Published: 20 May 2015 at 16:24
New report shows that only Scotland has stood firm against alien ladybird species
The history of how the harlequin ladybird – an insect described as “the most invasive ladybird on Earth” – has spread so successfully across mainland Britain over the last decade, has been published today in the journal Ecological Entomology.
Ten Years of Invasion is co-authored by Dr Helen Roy of the Centre for Ecology & Hydrology and Dr Peter Brown of Anglia Ruskin University.
The harlequin ladybird (Harmonia axyridis) was first recorded in the South East of England in 2004 and thanks to the public submitting over 30,000 recordings to the UK Ladybird Survey since 2005, scientists have plotted its spread in a northerly and westerly direction across mainland Britain.
The research, which examines the factors for its incredible progress, shows that only Scotland has stood firm against the invasion, thanks to its climate (lower temperatures and higher precipitation than England) and less favourable habitats, such as heathland and moorland.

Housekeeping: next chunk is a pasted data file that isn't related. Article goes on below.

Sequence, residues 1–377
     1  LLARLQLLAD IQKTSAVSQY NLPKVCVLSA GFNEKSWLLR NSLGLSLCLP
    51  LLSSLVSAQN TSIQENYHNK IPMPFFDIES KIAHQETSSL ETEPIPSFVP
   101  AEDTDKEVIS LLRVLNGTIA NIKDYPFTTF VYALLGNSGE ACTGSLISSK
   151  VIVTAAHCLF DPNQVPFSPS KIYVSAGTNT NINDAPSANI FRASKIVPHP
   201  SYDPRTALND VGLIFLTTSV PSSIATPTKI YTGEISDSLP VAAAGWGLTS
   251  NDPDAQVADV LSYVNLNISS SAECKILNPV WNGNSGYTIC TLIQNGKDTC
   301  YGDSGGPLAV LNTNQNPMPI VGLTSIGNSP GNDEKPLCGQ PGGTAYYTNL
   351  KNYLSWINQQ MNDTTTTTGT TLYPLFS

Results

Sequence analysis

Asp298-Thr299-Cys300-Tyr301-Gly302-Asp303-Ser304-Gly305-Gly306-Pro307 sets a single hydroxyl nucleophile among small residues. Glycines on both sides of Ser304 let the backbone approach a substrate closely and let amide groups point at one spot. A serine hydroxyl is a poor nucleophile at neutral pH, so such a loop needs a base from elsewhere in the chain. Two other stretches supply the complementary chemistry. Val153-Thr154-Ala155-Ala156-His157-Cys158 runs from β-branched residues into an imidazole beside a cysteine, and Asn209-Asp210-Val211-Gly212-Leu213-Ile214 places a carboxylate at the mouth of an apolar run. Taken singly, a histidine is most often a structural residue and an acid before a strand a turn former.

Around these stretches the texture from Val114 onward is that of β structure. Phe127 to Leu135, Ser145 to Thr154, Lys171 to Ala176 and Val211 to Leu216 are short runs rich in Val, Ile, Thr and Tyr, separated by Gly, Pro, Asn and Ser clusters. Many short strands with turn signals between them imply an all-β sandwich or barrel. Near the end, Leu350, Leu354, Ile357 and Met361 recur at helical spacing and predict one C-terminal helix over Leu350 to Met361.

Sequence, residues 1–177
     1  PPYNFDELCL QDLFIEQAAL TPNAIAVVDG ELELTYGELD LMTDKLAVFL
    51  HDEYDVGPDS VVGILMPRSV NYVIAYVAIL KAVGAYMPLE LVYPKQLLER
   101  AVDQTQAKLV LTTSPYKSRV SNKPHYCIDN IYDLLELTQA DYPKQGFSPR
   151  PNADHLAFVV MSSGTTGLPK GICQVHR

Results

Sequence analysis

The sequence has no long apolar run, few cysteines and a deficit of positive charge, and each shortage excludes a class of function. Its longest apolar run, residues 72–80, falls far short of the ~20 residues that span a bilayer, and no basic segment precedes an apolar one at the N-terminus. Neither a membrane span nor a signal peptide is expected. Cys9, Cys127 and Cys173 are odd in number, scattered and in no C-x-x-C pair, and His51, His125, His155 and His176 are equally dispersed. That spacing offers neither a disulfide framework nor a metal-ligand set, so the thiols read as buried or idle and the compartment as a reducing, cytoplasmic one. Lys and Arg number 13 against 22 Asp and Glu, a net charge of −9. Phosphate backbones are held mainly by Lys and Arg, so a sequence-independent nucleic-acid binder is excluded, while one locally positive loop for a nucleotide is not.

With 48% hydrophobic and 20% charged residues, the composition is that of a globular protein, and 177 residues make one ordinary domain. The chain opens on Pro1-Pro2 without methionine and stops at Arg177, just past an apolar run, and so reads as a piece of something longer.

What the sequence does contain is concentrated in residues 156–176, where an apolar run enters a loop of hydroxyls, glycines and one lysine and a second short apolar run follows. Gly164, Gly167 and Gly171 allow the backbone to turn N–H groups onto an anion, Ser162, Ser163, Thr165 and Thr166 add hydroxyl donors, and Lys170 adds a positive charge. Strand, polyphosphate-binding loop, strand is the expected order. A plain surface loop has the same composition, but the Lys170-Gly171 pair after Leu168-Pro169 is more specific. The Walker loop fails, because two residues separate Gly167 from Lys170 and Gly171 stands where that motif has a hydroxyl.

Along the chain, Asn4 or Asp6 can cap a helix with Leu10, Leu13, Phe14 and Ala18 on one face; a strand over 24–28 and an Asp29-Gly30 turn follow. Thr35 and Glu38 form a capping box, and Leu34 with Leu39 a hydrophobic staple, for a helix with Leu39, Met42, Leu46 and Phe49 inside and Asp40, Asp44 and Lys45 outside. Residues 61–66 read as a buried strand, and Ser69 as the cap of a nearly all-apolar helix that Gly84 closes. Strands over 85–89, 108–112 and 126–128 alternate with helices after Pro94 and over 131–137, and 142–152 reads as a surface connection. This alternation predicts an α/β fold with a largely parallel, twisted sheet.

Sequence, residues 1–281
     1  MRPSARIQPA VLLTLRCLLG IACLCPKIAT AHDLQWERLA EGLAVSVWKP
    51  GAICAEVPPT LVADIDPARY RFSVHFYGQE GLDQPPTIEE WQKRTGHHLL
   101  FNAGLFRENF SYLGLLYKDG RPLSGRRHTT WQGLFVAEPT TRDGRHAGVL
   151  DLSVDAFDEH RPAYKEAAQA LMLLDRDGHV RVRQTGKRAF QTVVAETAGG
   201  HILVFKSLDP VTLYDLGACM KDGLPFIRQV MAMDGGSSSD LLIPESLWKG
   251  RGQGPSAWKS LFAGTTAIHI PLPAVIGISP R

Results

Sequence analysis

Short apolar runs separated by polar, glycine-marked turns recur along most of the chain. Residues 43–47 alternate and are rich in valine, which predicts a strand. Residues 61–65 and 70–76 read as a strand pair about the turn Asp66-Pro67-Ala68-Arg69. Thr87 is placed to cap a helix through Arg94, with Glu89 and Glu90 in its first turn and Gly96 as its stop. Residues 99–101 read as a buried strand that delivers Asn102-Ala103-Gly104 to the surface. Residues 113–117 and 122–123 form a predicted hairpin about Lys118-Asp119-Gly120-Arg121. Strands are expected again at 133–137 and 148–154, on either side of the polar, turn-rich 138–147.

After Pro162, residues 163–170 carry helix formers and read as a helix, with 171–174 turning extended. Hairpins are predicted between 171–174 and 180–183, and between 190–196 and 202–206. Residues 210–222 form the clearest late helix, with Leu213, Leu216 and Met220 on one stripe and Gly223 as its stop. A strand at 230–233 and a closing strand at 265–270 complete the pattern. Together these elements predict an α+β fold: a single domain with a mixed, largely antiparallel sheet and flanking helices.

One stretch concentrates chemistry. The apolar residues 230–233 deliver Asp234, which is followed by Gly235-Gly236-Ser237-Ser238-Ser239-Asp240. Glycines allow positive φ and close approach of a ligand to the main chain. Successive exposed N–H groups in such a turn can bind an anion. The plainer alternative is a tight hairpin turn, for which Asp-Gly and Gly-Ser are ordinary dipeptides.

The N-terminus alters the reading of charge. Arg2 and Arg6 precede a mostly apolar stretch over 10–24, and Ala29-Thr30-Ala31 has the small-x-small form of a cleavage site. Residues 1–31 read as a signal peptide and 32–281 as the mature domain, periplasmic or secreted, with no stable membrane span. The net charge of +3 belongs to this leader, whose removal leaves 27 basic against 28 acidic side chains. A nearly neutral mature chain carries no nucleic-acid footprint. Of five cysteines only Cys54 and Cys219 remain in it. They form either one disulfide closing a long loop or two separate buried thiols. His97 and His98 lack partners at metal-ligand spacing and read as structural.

Originally from Asia, the harlequin has proved particularly successful in urban areas, and almost all Scottish recordings have been in towns or cities.
Human involvement also appears to have been key to their spread. For example, the first harlequin spotted in Scotland (in 2007) was a result of the ladybird being transported in a suitcase; while the first record from the Orkney islands (in 2008) involved the ladybirds being transported with vegetables from mainland Britain. Such inadvertent human assistance can greatly increase the rate at which invasive species expand their ranges.
The harlequin outcompetes and directly feeds on other ladybirds, and appears to have played a large part in the decline of species. Since its arrival in 2004, seven out of eight native ladybird species tested have seen a decline in numbers across Britain.
The report concludes that although the harlequin is currently less susceptible to attack by native parasitoids and pathogens than Britain’s native ladybirds, within the next 10 years it is possible that natural enemies will begin to adapt.
Dr Peter Brown, Senior Lecturer in Zoology at Anglia Ruskin University, said:
Dr Helen Roy added: